Asghar Farhadi’s movies lure viewers into competing sympathies with intractably opposed positions. Whenever our biases tilt toward one character, new twists force us to recalibrate them. The Salesman reprises this knack for moral quandary, using a meta-theatrical premise to interrogate what it means to identify with someone, or to project roles upon them.
Emad (Shahab Hosseini, who won Best Actor at Cannes) and his wife Rana (Taraneh Alidoosti, tremendous) are starring in a production of Death of a Salesman while settling into a new apartment. One night while Emad is out, Rana is assaulted by an intruder she accidentally allows inside. She either cannot recall or cannot admit key details of what transpired. Enraged by his wife’s suffering but unable to inhabit her perspective, Emad takes a page from Hugh Jackman’s script in Prisoners, tracking specific culprits while liberally distributing blame.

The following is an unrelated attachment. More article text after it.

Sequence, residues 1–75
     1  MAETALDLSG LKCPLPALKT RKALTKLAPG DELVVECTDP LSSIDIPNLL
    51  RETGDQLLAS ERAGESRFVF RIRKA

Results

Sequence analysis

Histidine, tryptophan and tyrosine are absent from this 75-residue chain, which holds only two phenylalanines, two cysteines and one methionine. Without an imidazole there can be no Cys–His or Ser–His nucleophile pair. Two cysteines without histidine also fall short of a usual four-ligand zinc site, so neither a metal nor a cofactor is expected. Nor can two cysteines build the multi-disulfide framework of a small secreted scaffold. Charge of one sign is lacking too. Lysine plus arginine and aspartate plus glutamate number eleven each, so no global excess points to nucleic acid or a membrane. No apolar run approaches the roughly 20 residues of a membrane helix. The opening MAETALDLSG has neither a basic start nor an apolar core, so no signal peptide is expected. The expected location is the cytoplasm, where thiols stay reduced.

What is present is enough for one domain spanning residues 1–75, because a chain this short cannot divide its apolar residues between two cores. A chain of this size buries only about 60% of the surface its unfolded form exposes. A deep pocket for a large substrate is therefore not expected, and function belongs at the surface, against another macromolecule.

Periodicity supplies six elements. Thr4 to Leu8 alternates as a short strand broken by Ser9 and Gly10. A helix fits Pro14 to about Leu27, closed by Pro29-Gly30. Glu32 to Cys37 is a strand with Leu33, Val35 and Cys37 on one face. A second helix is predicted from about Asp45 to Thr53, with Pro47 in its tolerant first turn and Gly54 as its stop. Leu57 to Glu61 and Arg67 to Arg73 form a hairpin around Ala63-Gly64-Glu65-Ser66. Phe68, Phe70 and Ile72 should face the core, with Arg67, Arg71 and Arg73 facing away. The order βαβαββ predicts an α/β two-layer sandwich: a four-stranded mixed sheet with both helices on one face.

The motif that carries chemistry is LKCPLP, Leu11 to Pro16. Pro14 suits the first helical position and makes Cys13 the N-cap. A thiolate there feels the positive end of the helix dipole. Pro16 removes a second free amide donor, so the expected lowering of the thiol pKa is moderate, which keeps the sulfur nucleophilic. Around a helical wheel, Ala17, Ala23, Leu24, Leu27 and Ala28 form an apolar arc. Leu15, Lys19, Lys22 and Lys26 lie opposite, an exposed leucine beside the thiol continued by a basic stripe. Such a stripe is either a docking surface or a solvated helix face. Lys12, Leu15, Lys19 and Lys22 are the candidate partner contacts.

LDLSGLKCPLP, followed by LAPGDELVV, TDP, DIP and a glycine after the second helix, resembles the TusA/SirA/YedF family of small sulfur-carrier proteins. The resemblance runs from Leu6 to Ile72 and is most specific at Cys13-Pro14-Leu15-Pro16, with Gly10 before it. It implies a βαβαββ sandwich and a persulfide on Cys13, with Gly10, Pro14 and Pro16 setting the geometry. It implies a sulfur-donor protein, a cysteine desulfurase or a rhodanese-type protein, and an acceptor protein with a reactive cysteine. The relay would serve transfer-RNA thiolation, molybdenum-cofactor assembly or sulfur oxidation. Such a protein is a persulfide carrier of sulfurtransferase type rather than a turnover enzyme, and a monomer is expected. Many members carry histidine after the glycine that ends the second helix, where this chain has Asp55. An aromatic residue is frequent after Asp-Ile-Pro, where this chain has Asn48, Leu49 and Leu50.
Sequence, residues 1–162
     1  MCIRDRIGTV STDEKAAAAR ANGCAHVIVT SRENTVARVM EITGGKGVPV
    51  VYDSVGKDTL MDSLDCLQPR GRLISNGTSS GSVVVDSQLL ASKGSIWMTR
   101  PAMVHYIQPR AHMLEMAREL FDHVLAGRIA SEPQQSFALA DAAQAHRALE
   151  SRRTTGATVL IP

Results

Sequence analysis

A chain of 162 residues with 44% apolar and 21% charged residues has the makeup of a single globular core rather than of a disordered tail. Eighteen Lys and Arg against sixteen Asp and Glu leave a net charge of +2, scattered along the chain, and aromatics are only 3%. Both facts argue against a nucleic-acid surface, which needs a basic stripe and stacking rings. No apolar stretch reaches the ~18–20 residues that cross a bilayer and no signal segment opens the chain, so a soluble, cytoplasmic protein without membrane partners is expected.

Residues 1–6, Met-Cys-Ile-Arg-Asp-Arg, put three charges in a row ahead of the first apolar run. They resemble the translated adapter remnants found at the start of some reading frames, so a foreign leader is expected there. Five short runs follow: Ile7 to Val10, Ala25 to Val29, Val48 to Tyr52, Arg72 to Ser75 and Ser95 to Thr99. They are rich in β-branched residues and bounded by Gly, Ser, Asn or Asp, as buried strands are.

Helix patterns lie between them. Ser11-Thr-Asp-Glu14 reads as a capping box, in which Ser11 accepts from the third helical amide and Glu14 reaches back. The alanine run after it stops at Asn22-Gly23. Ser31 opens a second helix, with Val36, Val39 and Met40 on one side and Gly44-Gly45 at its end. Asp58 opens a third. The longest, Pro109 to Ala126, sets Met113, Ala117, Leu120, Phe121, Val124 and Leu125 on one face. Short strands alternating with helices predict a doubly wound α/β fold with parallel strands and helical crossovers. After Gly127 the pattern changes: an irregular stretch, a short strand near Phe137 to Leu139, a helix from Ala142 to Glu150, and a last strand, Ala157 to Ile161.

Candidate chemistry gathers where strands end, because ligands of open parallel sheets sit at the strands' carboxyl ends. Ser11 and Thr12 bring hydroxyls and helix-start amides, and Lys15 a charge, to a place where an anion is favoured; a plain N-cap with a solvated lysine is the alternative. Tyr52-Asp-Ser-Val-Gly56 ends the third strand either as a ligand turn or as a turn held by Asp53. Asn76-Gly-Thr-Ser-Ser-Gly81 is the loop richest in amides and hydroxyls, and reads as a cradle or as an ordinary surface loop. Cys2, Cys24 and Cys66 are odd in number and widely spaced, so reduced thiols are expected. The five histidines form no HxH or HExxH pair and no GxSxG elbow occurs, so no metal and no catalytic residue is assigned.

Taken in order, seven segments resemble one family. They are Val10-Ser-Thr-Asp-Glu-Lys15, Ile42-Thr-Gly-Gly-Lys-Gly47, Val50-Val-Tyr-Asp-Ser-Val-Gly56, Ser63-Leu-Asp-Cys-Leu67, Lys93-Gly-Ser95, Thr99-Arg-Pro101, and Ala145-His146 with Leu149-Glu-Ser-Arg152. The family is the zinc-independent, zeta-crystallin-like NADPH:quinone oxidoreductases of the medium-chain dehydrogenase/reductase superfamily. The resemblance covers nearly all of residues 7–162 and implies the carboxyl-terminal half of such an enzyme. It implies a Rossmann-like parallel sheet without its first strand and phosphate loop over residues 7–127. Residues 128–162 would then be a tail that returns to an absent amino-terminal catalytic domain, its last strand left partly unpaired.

In a rich irony, the likeliest suspect mirrors Willy Loman in many respects. Can Emad respect the humanity in the kind of incoherent man, dishonorable yet pitiable, he labors to convey onstage? How do specters of imagined women inform men’s conflicts with each other—and will the needs and viewpoints of actual women survive those escalating rivalries? Bruising but elegant, conceptually intricate within a street-realist style, The Salesman asks through its final shots: when we stare at each other, do we see each other, or only ourselves?